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Intentional Tort: the new trend in work injury damages cases?

August 12, 2019

Ward v Allianz Australia Services Pty Ltd [2019] NSWDC 293

 

The recent judgment in the matter of Ward v Allianz Australia Services Pty Ltd [2019] NSWDC 293 highlights a new trend and potential vulnerability for employers in the sphere of work injury damages, and confirms an employer can be found liable for an intentional tort, despite not being liable at negligence.

 

The facts:

 

Mr Ward alleged he was suffering from a range of psychiatric conditions including PTSD and depression. He claimed that his condition was materially caused by the bullying and harassment he experienced at the hands of his manager (Mr Smith) when he was employed by Allianz between 2003 and 2004. He alleged he was subjected to both verbal and physical abuse by Mr Smith.

 

Mr Ward lodged a claim for psychiatric injury. His claim in a statutory context was accepted and he suffered 22% WPI. He thereafter ace notice of intention to claim work injury damages.

 

The claim:

 

The thrust of the claim levelled against Allianz was:

  1. That Allianz was liable for the intentional infliction of harm on Mr Ward by Mr Smith (the intentional tort) and/or;

  2. That Allianz was liable for in negligence on two bases:

a. firstly, on the basis that, in perpetrating the abuse on Mr Ward, Mr Smith failed to take reasonable care for Mr Ward’s safety; and secondly,

b. that Allianz failed to take reasonable care for Mr Ward’s safety and well-being.

 

It was not disputed that the alleged bullying conduct of Mr Smith against Mr Ward occurred. Allianz defended the claim on the basis that:

a. the physical component of Mr Smith’s behaviour towards the plaintiff had no connection to Mr Smith’s role as manager.

b. it did not know that at the time that the plaintiff had been bullied, or that that conduct had had any impact on the plaintiff’s health.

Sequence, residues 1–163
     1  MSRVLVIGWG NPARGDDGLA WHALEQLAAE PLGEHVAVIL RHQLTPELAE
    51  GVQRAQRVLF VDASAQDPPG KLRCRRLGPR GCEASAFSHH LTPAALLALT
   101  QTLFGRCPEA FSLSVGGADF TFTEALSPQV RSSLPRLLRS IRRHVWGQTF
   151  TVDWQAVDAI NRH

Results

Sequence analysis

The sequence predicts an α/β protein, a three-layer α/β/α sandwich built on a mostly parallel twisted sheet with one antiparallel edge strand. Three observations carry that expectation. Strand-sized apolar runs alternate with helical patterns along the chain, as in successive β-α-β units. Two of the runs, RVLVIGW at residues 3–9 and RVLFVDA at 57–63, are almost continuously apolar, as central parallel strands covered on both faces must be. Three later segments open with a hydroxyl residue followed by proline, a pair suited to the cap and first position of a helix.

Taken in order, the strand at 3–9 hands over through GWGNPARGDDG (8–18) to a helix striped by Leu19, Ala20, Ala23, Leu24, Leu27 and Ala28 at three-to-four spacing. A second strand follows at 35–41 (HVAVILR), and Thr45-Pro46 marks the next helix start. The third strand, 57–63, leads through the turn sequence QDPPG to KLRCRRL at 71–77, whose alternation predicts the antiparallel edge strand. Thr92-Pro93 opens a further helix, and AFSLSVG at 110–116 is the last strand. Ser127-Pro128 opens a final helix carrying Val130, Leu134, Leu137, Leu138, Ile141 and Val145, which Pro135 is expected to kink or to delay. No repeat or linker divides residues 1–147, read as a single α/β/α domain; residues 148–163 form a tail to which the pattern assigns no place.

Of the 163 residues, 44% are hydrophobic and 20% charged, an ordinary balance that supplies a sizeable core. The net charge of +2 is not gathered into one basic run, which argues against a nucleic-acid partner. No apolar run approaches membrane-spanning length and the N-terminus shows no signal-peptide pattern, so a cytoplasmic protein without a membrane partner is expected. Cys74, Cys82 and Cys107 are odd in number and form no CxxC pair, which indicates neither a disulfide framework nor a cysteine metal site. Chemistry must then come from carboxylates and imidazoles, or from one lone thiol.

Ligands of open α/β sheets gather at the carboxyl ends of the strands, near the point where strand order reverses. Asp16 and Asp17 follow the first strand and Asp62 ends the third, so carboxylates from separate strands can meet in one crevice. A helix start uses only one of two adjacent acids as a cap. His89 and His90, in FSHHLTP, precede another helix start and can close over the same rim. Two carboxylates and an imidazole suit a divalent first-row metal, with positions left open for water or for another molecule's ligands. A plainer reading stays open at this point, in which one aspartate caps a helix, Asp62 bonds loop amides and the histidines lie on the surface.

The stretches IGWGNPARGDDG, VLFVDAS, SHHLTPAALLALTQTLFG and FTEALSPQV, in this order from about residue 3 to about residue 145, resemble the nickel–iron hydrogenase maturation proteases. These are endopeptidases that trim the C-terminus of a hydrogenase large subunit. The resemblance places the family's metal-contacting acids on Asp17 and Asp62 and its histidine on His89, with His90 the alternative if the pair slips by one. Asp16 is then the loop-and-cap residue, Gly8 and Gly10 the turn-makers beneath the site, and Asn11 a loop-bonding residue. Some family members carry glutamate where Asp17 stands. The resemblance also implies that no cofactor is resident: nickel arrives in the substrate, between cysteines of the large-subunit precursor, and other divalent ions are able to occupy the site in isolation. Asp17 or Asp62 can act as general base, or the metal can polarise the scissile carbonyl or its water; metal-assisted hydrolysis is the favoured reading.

c. that the plaintiff’s condition, and his subsequent inability to perform work, were caused by factors other than the bullying.

 

The outcome:

 

Intentional Tort: in order to succeed in the in the intentional tort, Mr Ward had to establish that Mr Smith’s intentional conduct was calculated to cause him physical harm, being a psychiatric or psychological injury. His Honour Judge J Smith SC was satisfied that as a result of Mr Smith’s stated purpose at Allianz and his conduct towards a number of managers, that such illness was a calculated outcome in the sense that Mr Smith was recklessly indifferent as to whether or not it occurred. His Honour also found that Allianz was liable for Mr Smith’s deliberate conduct.

 

Negligence: The Court found that subject to only one matter, there were no signs given by the plaintiff of any impact, let alone the possibility of psychiatric damage, that might be caused by the conduct of Mr Smith during neither the 14 months that Mr Smith was there nor the remaining six years of his employment after Mr Smith’s departure.

 

In the absence of notice or a finding that Mr Smith was the defendant for the purpose of notice, I conclude that his conduct was not, itself, a breach of the defendant’s duty of care to the plaintiff. As such, Mr Wards claim in negligence failed.

 

Mr Ward was ultimately awarded damages in the amount of $1,394,421.91 together with interest and costs.

 

The upshot:

 

You may be asking yourself what the difference is between an intentional tort and negligence? Generally speaking, an intentional tort is when a person acts deliberately, while negligence is when a person (or entity) fails to act carefully. In short, the intent is the key difference.

 

The outcome of the decision in Ward is that it is likely Plaintiff’s will plead, at least in the alternative, an intentional tort a well as the usual allegations of negligence in bullying and harassment work injury damages cases, and this is something Employers will need to mindful of and plead to specifically in their defences. It is clearly not enough to submit that a bullying staff member was acting in a fashion that the employer did not sanction: it was enough in Ward that Mr Smith’s overall objective was authorised by his employer, even if his methods of achieving that objective were not.

 

Clear direction ought to be given to managers about not just what they do, but the manner in which they do it, in order to look to overcome this kind of issue in the future.

 

In the meantime we expect to see a rise in the pleading of intentional torts in such cases, which could operate to give rise to a greater liability to pay damages.

 

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